13
Oct
2020

What’s the impact of the new reality on businesses – an assessment by Hani Zeini

Many companies have been forced to adapt to the work from the home model for their employees. It is to ensure safe health during the coronavirus pandemic and prevent the spread of infection by complying with the lockdown requirements. The sudden change from an office-based working environment to work from the home model has caused many companies to struggle due to a lack of proper infrastructure and support as they were not ready for the transition. The COVID19 pandemic has put to the test the resilience and flexibility of the business models because the more flexible the business is model better it will be able to cope with the unforeseen changes, says Hani Zeini.

Fixed model companies face the most significant threat, feels Hani Zeini

The coronavirus’s biggest adverse effects will impact businesses with a fixed business model of workers. In facilities like brick and mortar retail companies that depend on foot traffic, fixed call centers with workers on the phone, and in front of terminals and service organizations that require on-site interactions, the impact is more. Transportation and logistics companies that have yet not gone mobile and finance, healthcare, and other highly regulated companies that choose to adopt a centralized model of the database that is not accessible from any location outside the corporate premises will be hit hard.

These companies will find it most difficult to switch over to a work from a home model, and most will not be able to do it at least not within an acceptable timeframe. However, the pandemic has allowed companies that depend on an in-house model to reassess their present way of working and what to do to stay flexible as they move forward.

Let us now look at what organizations must do to create a productive and safe work from home environment.

Have policies in place

Companies that are already practicing remote work, even though due to compulsion, must make the employees understand what the company expects from them. Having a policy document in place will help set the limits of work from home by establishing the right expectations. It should not happen that moving over to the work from home model puts them under stress as they might have to work at any hour of the day because of increased availability. The policy could be a concise one-page document instead of a book that runs into many pages. It should highlight the do’s and don’ts in bullet points that are easy to understand. 



Collaboration tools

Maintaining good teamwork is vital to ensure productivity, but it all depends on creating a collaborative work environment where the team members can engage in sharing and collaboration. The company must use the right technological collaborative tools like Google Hangouts, Microsoft Teams, Slack, Cisco Webex, etc. for co-working, video conferencing, file sharing, etc. However, it depends on the organization having the necessary license and capacity to enable all users who work from home to collaborate. Many users might prefer to use non-corporate collaboration tools like Facebook, WhatsApp, etc. when working. Even if allowing non-corporate collaboration tools, organizations must have a policy for communication to explain what kind of communication is appropriate to message and what is not acceptable. This will prevent the posting of personally identifiable information or sensitive corporate data in the public domain that could be susceptible to data leak.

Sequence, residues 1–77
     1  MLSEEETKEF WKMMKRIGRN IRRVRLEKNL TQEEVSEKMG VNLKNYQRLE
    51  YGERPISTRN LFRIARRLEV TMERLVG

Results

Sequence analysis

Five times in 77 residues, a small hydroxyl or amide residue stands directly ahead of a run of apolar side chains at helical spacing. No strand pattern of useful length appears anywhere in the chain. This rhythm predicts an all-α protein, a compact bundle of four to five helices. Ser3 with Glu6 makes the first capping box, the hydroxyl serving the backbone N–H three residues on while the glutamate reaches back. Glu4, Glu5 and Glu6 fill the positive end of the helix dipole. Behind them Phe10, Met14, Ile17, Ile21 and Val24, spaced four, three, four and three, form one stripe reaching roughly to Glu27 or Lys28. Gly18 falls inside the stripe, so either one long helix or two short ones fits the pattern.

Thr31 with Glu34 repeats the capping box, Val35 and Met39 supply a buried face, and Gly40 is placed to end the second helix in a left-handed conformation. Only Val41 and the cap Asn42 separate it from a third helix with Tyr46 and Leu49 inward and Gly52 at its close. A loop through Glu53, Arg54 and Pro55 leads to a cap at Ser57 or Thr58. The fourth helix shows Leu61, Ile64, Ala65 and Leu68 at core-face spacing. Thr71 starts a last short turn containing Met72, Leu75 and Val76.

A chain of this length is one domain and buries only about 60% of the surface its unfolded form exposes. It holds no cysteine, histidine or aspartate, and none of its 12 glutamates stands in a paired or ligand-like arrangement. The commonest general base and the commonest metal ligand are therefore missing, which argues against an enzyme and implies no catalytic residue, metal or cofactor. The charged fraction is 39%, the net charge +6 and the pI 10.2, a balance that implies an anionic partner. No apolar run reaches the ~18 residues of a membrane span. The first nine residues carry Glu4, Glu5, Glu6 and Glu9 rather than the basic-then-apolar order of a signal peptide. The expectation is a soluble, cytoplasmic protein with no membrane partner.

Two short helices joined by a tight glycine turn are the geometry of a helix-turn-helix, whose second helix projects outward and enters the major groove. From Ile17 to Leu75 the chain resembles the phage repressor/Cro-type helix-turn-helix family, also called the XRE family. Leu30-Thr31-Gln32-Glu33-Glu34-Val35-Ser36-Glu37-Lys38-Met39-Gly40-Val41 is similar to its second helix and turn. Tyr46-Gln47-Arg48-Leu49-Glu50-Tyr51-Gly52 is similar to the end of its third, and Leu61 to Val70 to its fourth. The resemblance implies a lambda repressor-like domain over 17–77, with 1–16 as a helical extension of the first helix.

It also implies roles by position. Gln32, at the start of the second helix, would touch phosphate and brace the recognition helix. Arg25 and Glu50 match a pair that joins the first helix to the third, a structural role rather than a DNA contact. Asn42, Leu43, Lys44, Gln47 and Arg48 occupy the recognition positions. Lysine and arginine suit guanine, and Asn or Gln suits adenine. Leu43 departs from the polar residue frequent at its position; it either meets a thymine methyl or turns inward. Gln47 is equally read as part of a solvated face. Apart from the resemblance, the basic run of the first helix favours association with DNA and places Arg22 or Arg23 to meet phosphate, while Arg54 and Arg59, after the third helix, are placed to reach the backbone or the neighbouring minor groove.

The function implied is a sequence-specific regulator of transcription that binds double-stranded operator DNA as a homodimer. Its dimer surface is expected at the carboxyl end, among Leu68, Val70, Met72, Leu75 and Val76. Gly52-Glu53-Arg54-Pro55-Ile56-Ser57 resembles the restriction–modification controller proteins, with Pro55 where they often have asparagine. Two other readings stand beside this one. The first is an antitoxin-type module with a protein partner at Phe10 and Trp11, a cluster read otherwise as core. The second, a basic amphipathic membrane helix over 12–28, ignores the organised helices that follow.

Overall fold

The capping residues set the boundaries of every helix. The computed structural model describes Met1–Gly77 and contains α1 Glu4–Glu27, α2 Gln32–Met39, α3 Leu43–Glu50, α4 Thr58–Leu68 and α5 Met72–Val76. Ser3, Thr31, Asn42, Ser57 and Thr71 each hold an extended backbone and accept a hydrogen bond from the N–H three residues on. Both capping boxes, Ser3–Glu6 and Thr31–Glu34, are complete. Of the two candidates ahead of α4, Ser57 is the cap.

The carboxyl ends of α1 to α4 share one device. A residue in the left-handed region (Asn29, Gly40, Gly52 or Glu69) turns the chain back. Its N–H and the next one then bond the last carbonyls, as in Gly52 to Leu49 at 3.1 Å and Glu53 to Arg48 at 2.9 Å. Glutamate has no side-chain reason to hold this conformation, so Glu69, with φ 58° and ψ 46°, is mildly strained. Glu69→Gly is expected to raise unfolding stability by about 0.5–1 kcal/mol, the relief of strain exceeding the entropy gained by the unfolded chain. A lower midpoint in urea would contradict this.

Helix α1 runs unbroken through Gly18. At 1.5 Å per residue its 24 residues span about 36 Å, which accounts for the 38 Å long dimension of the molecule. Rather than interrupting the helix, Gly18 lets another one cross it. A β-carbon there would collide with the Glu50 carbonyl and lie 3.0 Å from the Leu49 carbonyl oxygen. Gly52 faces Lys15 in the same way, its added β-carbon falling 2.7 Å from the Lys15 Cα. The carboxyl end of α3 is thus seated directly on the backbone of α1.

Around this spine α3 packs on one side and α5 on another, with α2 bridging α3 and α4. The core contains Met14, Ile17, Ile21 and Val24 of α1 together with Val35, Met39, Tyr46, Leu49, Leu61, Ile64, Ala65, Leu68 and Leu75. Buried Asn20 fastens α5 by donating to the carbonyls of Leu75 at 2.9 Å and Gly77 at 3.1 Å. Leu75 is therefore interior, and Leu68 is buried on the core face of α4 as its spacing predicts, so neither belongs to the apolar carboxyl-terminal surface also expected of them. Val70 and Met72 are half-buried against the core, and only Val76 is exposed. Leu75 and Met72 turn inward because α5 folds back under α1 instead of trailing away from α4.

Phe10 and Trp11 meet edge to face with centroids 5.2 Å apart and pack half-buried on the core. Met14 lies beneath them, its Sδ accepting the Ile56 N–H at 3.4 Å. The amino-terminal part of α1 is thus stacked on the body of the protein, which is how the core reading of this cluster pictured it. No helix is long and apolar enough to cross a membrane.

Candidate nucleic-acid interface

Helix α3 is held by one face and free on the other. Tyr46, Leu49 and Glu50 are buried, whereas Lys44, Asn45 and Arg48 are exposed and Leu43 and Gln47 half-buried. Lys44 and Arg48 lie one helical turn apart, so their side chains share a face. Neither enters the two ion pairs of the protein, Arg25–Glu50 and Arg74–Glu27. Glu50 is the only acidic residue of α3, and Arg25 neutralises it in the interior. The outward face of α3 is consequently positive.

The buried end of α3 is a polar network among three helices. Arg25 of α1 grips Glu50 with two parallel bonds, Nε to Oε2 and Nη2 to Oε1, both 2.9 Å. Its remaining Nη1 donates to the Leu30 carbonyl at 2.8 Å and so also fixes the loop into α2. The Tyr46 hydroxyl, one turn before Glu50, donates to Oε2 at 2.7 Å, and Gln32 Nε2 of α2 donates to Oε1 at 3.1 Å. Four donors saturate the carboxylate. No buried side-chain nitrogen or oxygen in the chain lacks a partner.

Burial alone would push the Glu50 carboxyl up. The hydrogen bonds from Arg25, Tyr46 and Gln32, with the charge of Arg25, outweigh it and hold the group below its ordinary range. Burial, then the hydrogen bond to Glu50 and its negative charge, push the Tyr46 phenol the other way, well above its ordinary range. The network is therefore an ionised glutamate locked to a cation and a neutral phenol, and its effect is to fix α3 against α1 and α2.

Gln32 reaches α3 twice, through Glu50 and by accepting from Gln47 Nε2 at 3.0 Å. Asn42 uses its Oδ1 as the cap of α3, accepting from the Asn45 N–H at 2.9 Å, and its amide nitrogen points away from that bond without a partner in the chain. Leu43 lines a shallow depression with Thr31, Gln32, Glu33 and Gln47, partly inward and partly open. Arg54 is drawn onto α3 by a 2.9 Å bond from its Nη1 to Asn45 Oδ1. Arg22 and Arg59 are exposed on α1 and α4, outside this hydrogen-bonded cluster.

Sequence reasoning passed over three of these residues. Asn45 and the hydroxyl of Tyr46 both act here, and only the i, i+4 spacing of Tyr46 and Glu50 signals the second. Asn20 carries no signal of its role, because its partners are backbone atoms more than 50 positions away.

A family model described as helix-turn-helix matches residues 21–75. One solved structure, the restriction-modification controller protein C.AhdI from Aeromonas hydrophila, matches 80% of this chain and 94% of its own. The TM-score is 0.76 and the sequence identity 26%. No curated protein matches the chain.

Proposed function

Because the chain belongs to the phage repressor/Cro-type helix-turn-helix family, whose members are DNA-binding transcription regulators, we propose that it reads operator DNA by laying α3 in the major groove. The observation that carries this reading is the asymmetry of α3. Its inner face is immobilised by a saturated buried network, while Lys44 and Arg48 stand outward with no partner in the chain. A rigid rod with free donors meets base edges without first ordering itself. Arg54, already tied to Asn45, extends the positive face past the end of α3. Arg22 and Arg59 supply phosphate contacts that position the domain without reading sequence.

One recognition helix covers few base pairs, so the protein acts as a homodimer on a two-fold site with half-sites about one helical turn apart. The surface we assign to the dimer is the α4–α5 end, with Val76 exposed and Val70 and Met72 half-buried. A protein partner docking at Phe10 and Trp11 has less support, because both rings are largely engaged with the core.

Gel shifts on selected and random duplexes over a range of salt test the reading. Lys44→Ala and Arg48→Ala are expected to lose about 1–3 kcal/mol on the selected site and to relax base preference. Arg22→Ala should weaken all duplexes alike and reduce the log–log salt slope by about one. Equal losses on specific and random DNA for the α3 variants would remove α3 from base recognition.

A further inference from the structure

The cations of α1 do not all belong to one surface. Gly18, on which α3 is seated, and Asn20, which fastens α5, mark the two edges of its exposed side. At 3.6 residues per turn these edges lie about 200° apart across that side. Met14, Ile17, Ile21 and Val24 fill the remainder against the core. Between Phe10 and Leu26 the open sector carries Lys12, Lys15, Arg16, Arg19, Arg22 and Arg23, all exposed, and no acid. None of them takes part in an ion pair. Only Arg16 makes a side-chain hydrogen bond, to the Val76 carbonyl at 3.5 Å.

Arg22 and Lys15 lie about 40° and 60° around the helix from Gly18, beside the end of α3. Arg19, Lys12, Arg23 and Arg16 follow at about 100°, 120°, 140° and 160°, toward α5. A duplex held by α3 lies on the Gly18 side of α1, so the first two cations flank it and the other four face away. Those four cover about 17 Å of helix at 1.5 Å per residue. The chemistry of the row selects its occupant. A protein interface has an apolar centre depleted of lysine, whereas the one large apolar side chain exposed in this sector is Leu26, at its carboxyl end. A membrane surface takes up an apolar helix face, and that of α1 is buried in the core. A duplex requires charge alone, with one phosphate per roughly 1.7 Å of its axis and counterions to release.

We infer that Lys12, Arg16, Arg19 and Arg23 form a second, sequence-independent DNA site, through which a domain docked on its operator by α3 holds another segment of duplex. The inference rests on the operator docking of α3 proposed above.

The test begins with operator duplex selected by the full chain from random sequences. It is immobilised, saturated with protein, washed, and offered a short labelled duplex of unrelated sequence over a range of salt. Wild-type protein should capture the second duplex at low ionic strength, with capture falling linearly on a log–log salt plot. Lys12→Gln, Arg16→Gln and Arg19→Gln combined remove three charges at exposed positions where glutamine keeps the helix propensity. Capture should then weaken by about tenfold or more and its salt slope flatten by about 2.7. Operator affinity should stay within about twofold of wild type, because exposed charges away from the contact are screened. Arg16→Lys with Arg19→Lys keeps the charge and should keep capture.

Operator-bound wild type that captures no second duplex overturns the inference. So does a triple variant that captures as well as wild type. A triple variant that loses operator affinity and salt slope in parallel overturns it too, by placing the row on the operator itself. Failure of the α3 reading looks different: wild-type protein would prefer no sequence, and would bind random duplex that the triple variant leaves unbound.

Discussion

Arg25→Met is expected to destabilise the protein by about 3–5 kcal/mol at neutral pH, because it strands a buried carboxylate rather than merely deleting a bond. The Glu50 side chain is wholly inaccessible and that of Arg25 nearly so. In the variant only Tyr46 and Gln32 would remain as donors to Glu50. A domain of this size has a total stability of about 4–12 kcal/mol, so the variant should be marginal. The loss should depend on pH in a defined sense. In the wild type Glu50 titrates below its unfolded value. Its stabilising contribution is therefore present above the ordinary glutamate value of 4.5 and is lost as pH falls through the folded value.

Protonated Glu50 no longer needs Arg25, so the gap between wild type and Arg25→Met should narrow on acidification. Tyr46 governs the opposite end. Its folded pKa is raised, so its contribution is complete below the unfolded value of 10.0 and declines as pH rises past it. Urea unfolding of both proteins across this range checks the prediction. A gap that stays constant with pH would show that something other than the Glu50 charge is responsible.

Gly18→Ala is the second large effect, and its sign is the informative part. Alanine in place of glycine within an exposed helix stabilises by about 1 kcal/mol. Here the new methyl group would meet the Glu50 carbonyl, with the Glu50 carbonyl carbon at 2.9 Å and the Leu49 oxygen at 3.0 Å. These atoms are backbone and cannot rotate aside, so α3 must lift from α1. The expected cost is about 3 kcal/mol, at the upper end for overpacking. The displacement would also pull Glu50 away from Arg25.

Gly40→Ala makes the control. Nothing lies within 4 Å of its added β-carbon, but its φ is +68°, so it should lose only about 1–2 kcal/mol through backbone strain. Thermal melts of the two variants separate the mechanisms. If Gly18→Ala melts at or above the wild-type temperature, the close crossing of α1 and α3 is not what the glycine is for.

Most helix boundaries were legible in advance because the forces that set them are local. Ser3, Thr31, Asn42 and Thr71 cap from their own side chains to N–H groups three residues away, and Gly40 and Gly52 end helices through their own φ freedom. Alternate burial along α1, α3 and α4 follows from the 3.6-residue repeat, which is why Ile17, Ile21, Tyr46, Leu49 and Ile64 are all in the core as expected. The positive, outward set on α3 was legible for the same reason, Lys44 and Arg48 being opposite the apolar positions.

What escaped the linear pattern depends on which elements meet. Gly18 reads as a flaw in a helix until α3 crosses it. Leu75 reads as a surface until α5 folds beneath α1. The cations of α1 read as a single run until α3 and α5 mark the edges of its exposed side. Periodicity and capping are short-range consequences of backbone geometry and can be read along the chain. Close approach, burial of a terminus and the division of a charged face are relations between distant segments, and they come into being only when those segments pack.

Security requirements

Security is paramount, and there can be no compromise when people are working from home. Unless your company follows a BOYD policy, employees must not use their own devices. Organizations implementing BYOD must ensure that everything flows to a browser on which the company has control to prevent data loss. The security policy that includes automated monitoring must expressly prohibit downloads, especially in data-sensitive and regulated industries sensitive to personally identifiable information. The security architecture should fully support the needs of those who work from home.

SLA and support

Supporting people to run their systems smoothly is an important aspect when adapting the work from a home model. To ensure proper support from the helpdesk, many companies have service level agreements (SLA) that outline the kind of response that the helpdesk will provide. Interestingly, the helpdesk people themselves might be working from home, and they must have the tools to engage with everyone located remotely. There must be clear guidelines about how to handle equipment failure and replacement. This could entail creating a cloud infrastructure for providing all-round support to remote workers that work on virtual machines that eliminates the need for physical replacement of equipment.

When embracing the work from a home model, organizations must investigate the HR and legal angle to assess the organization’s liability if an employee meets with an accident when working from home or causes an issue while working. 

The type of business model and the organization’s capabilities can help decide how much it will be possible to adapt the work from home model.

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